the GCSE courses as well as a place to socialise and be creative. Key Stage 4 students use this additional time to explore and be innovative without the time constraints of a formal lesson. Students can also use this time to explore the BBC Micro:Bit this device has been launched by BBC to encourage students to begin programming from a young age.
• We have strong links with our partner sixth form colleges – NEW College and Wakefield College.
• NEW College will be working closely with us to develop our Computer Science Curriculum and enrichment activities. NEW College are the local Centre of Excellence with the nationally recognised Computing At Schools organisation.
In Year 7, and 8, where students have one lesson each week, homework will be set fortnightly, however, some projects will require longer periods of time, and in such circumstances homework may well be set to cover a period of weeks, with a deadline for completion. Where students are asked to use ICT to present their work, the Learning Resource Centre can be used if students do not have a PC or internet at home.In Year 9, the type of home learning set will be increasingly based around the theory elements covered as part of their GCSE options and will be set once a week. In Year 10 and 11, home learning will be based primarily on exam style questions for GCSE subjects, and will be set in accordance with the home learning timetable for yr 10 and yr 11. Some research tasks for controlled assessments can be carried out at home, although students will be given clear deadlines for this work to be completed.
Homework will be set in accordance with the School Home Learning Policy.
www.teach-ict.com
www.ocr.org.uk
www.bbc.co.uk/news/technology
www.bbc.co.uk/news/business
www.bbc.co.uk/bitesize
www.iamlearning.co.uk
www.samlearning.co.uk
www.bized.co.uk
www.microbit.co.uk/Ideally, it would be beneficial if students were to have access to a computer and the internet at home. However, if this is not possible, students can use facilities in school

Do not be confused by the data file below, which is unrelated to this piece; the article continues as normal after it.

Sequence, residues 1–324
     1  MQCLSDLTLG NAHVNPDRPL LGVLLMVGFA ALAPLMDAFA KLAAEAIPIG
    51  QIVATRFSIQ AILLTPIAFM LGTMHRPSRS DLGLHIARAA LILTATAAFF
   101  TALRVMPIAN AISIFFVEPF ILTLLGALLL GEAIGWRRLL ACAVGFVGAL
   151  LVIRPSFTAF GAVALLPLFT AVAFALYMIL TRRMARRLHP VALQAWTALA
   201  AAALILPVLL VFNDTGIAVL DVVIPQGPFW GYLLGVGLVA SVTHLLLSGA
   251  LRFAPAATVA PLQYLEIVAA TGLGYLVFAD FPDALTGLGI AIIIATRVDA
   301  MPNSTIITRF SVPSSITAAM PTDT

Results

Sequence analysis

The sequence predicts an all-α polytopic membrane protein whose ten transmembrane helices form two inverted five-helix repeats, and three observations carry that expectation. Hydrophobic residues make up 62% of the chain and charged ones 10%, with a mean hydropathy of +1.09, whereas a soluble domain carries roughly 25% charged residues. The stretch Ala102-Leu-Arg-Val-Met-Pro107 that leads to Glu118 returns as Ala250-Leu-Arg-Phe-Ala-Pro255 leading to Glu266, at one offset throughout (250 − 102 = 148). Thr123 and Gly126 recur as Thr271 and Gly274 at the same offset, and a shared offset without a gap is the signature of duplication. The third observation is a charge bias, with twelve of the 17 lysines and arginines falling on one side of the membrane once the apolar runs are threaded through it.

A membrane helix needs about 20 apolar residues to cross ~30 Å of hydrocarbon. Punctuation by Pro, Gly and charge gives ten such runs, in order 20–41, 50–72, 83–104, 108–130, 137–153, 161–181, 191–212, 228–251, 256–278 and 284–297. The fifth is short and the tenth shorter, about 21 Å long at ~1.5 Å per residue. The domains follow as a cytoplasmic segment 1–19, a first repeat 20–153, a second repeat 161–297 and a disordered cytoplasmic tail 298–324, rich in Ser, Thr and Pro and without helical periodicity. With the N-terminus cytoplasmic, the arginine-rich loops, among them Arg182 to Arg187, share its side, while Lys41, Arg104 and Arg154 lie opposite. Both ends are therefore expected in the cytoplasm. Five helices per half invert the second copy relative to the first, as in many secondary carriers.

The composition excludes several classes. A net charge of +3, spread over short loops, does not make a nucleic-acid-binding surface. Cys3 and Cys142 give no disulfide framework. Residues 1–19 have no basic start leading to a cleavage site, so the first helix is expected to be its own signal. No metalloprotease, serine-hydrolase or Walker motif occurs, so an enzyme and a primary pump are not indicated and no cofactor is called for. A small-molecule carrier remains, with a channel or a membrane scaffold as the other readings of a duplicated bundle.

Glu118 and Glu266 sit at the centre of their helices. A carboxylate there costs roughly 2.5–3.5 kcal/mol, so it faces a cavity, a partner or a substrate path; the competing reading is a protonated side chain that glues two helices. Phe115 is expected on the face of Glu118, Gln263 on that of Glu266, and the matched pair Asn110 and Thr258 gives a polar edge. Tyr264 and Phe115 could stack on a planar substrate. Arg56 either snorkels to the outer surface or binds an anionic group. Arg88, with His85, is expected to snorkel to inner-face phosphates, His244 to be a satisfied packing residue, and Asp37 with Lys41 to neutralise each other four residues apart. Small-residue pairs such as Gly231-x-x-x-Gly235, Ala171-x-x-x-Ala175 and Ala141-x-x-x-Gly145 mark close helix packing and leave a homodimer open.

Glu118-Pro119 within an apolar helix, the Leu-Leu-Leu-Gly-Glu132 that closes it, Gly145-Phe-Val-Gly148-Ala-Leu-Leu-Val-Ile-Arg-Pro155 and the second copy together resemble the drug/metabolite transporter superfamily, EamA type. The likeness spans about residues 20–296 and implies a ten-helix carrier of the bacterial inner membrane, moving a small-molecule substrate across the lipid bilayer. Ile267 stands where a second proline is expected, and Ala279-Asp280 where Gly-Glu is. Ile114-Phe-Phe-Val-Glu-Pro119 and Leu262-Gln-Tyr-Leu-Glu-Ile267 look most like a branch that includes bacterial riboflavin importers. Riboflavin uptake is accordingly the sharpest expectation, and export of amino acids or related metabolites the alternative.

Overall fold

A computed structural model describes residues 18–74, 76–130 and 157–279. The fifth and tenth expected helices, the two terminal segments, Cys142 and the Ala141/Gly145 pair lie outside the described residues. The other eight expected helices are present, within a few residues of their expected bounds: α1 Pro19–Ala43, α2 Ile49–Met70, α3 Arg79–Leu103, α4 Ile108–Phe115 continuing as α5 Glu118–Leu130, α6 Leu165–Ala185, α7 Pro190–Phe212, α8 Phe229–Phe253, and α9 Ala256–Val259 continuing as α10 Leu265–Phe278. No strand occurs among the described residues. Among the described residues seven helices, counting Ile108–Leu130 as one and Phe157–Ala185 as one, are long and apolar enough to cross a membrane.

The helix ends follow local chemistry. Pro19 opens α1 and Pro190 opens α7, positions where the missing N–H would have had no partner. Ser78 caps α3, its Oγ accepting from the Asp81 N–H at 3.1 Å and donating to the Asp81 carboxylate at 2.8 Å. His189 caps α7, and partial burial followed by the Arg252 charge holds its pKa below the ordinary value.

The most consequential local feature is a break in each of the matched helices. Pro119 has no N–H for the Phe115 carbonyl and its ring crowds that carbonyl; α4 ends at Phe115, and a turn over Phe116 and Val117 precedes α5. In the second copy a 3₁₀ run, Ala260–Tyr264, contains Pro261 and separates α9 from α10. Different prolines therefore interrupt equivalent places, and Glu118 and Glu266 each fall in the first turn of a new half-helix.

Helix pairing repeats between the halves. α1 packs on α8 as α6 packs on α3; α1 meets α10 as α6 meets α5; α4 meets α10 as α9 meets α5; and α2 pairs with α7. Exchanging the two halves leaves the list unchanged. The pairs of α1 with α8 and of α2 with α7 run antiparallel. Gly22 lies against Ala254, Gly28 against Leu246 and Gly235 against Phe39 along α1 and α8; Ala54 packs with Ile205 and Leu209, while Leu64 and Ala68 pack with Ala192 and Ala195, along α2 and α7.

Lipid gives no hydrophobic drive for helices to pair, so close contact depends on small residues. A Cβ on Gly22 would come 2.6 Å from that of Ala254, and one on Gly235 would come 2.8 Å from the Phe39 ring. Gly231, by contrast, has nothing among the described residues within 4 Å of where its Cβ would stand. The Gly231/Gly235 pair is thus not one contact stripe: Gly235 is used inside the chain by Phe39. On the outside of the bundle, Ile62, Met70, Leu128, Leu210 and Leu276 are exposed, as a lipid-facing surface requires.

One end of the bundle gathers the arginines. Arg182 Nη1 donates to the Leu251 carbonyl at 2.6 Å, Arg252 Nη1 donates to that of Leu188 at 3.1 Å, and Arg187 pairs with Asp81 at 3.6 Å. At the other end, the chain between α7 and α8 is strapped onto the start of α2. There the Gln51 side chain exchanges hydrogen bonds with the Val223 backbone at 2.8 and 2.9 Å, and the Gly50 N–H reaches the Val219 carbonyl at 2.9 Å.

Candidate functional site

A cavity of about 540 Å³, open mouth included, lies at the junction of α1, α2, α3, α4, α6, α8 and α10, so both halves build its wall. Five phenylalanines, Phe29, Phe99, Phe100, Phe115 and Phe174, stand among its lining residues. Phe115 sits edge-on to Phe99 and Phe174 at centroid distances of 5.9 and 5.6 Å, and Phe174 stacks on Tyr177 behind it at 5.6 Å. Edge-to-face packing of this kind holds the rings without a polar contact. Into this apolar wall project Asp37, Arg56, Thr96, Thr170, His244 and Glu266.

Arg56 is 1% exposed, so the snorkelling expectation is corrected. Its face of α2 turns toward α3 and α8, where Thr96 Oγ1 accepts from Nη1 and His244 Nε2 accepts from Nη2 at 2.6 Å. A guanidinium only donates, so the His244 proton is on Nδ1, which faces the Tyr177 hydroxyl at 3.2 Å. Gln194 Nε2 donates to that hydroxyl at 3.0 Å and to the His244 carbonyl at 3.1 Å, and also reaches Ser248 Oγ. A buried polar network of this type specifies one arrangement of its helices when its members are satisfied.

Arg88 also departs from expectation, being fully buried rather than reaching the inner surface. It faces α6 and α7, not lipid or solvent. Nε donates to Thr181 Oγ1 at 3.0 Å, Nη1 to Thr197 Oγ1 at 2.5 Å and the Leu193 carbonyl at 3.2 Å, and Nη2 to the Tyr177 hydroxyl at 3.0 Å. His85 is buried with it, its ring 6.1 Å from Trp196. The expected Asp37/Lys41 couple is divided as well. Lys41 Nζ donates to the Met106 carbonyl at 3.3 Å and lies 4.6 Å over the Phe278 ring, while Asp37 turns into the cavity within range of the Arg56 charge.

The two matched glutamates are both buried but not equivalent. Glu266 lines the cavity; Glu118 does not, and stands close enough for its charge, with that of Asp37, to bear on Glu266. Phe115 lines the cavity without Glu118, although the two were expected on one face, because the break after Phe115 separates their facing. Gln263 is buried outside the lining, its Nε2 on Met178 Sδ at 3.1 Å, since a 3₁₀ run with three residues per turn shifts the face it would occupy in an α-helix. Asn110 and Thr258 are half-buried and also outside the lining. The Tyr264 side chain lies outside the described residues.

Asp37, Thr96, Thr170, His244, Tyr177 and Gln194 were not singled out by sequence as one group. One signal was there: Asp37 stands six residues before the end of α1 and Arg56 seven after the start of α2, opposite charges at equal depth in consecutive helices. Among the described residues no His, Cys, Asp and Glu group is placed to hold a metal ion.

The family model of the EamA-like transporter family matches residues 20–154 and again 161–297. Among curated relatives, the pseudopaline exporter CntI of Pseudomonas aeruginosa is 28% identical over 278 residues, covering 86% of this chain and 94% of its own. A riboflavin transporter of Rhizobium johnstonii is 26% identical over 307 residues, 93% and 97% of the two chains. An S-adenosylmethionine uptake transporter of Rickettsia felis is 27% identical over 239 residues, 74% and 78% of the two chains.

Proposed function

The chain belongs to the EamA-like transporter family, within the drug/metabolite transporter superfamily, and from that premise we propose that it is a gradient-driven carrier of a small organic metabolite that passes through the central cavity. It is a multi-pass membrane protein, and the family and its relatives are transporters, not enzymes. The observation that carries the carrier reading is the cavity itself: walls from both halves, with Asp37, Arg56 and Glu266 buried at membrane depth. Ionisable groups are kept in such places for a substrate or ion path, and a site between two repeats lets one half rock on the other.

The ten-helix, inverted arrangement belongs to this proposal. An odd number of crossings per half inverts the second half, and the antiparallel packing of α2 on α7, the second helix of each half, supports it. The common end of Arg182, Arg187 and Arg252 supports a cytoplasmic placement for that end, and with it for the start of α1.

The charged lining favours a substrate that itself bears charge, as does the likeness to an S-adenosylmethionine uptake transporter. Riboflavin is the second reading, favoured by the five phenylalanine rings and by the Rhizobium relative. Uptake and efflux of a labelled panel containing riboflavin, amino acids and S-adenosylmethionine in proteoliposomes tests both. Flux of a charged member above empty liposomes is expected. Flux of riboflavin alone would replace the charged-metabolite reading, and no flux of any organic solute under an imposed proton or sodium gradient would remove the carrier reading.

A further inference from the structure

either at lunchtime, or after school in the “Learning Resource Centre” club which operates Tuesday, Wednesday and Thursday for one hour after school where computer and internet access is supervised.At Key Stage 4 all “controlled assessments” have to be carried out in school, in normal lesson time. Students are not permitted to work on these tasks outside the classroom environment due to a) time limits set by exam boards and b) to ensure the work can be authenticated at the students’ own.The only factor that affects students’ option choices at Key Stage 4 is the option pathway into which they are directed in Year 9 (this is discussed between parents/carers, form tutors and year achievement leaders) , with some courses being more suitable for students than others.

LANGUAGE AND LITERACY
The use of language across the curriculum is a requirement and covers aspects such as writing, speaking, listening and reading. The underlying messages of the requirements are that enhancing pupils’ language skills enhances their subject learning; using subject specific vocabulary and patterns of language contributes to developing pupils language skills. All teaching contributes to pupils’ development of language since speaking, listening, reading and writing are, to varying degrees, integral to all lessons.

All units of work in Year 7 and 8 support these requirements through the use of Key Words, and selecting and using information. All units will have as a central theme the aim of supporting the